Still from the film “Losing Ground” directed by Kathleen Collins.
This post has been a long time coming.
I Love Black women filmmakers, because I believe that Black women filmmakers see us. Not just the uplifting “We shall overcome” versions of us, but they see us in all of our beauty, contradictions, nuanced, strength and fragility.
Last fall, while reading Jacqueline Bobo’s Black Women Film and Video Directors, I kept coming across the name Kathleen Collins.
Come to find out the reels for Collins’ film “Losing Ground” were at the library so I took an afternoon and I watched it. The film blew my mind.
The main protagonist in the film is a Black woman philosophy professor who is searching for the ecstatic experience. Yes, honey, she is searching for ecstasy.
In an interview in Black Film Review Collins stated that,
Actually, the only hope for any sort of feminine salvation in this country– and the sad thing is that Black women are giving it up in favor of a quietly growing, kind of strident white feminism. But the only residual softness that is possible in this culture as far as I am concerned is in the hands of Black women.
When I read this I thought. Wait a minute, the people who have been historically represented as lewd, lascivious, unrapeable, gold diggers, rich and lonely, hoochie mammas, are the ones who have the redemptive softness?????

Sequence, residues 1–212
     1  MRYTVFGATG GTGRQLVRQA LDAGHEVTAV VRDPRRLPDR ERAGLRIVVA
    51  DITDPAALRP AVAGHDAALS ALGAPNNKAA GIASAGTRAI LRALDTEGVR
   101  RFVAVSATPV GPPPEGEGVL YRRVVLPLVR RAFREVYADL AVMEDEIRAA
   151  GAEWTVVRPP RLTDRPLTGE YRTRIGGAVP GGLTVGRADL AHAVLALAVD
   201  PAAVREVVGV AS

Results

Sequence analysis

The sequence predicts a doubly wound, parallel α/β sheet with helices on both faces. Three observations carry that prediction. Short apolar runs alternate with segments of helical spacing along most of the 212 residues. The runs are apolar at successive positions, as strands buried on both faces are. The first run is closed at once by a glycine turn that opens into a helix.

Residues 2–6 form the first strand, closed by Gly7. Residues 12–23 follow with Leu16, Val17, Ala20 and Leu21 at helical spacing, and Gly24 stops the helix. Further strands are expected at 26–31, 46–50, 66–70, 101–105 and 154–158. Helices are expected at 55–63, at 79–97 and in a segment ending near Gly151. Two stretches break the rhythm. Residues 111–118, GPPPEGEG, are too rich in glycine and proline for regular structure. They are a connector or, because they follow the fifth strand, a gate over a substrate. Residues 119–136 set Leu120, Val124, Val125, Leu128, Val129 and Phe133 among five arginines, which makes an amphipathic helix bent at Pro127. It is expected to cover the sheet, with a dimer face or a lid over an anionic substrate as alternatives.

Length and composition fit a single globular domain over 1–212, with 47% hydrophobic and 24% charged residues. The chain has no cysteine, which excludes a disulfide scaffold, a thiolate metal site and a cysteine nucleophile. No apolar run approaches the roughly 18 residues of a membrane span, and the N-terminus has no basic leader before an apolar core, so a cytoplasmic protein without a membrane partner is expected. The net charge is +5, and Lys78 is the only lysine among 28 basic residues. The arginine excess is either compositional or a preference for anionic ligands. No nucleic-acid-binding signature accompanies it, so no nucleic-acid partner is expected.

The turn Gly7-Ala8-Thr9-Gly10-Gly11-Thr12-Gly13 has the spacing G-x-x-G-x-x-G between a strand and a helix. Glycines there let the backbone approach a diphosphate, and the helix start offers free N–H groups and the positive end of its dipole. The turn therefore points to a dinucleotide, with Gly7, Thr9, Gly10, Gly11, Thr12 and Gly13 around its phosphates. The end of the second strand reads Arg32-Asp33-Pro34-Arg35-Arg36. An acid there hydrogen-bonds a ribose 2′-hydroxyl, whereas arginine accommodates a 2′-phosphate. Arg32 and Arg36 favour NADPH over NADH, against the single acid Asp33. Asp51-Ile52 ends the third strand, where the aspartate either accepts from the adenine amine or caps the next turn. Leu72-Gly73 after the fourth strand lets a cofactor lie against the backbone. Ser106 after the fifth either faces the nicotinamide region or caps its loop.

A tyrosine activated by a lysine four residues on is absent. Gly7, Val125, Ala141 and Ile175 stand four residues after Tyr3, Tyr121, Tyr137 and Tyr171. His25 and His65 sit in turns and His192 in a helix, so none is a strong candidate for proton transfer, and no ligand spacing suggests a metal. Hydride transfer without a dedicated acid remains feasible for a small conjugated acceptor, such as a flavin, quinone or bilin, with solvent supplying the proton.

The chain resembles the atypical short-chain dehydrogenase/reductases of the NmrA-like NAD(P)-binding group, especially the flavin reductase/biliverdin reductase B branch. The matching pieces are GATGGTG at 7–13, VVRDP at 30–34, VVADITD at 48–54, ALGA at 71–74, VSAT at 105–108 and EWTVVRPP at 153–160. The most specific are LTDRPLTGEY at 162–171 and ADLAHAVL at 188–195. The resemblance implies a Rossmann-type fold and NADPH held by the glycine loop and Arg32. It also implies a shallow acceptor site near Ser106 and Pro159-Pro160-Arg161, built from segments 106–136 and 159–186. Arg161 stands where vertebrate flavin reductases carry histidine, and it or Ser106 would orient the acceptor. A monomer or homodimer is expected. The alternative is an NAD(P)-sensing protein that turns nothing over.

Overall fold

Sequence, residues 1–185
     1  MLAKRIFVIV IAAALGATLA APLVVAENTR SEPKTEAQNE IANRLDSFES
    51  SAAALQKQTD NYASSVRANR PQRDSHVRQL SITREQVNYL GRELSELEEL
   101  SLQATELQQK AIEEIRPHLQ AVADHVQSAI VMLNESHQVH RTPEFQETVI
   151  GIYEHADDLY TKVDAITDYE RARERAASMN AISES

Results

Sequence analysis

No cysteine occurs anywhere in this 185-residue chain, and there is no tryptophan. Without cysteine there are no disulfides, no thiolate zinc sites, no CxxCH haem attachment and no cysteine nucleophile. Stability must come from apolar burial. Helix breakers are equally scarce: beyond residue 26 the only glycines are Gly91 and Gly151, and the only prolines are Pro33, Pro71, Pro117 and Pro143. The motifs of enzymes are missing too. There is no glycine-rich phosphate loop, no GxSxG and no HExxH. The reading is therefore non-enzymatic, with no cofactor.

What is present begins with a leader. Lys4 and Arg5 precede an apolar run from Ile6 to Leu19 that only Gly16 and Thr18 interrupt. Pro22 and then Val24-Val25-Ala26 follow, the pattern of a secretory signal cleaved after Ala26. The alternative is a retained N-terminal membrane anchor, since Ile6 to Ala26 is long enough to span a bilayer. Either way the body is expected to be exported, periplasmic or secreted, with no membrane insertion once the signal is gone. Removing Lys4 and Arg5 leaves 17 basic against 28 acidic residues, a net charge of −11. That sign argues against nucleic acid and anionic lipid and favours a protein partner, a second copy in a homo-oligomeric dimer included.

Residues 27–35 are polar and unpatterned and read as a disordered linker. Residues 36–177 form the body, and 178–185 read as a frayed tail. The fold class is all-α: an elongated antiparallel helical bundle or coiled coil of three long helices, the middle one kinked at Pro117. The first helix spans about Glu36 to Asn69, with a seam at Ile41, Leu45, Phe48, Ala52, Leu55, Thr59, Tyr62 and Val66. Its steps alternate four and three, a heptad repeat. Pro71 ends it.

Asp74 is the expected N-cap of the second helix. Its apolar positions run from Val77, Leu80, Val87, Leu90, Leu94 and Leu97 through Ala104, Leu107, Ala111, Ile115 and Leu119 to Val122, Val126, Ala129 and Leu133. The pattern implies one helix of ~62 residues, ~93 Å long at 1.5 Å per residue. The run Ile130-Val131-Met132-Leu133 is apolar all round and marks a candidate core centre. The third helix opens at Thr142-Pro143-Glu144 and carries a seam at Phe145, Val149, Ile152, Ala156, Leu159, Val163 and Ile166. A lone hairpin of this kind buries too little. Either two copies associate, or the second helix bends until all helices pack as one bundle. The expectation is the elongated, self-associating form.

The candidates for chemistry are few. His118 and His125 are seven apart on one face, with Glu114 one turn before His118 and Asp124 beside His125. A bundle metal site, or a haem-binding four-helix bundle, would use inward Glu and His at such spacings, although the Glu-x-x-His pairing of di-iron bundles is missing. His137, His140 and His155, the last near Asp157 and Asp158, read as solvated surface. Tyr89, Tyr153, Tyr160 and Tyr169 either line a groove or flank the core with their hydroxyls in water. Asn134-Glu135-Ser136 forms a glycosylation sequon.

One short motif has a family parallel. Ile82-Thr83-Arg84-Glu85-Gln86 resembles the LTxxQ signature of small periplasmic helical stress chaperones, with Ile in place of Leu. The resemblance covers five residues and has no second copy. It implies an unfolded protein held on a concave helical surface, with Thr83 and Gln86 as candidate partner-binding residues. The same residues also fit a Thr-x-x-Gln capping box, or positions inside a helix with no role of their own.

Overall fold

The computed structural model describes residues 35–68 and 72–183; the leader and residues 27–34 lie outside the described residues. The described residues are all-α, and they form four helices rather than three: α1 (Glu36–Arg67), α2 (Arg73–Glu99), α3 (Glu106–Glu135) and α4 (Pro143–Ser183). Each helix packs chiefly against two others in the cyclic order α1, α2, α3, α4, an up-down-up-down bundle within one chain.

Film scholar L.H. Stalling takes this idea of the residual softness of Black women and runs with it. She writes,
Kathleen Collins’s solution to the violence done to black women and their image insists that such redemption come from those who have been positioned as the most abnormal and dysfunctional in society, black women.
This idea of Black women being the site of redemption because they are some of the most maligned is interesting, and I believe that I have heard it before in Audre Lorde’s work.
For me it takes on a greater significance when I watch reality television shows featuring the narratives of Black women. Love and Hip Hop Atlanta in particular is what comes to mind.
Stallings goes on to underscore why I enjoy movies directed by Black women filmmakers when she states,
Collins produces a film that imagines a viewer or audience who can get turned on by seeing a black woman think, be conscious, and create consciousness on screen. Black independent filmmaking (be it documentary, cinematic fiction, or pornography) continues to be the only space in which black filmmakers can explore and represent various sexualities and subjectivities.
So, what do you think of this idea of the redemptive softness of Black women?